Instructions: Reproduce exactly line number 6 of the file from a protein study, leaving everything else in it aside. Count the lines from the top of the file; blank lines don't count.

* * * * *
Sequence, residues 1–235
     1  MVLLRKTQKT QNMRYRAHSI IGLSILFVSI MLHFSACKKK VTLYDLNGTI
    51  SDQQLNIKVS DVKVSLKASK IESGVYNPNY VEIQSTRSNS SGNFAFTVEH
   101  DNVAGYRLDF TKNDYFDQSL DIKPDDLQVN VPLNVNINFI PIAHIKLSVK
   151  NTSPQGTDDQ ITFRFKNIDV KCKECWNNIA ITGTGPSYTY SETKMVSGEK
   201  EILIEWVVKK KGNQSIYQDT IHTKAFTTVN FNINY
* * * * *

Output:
   201  EILIEWVVKK KGNQSIYQDT IHTKAFTTVN FNINY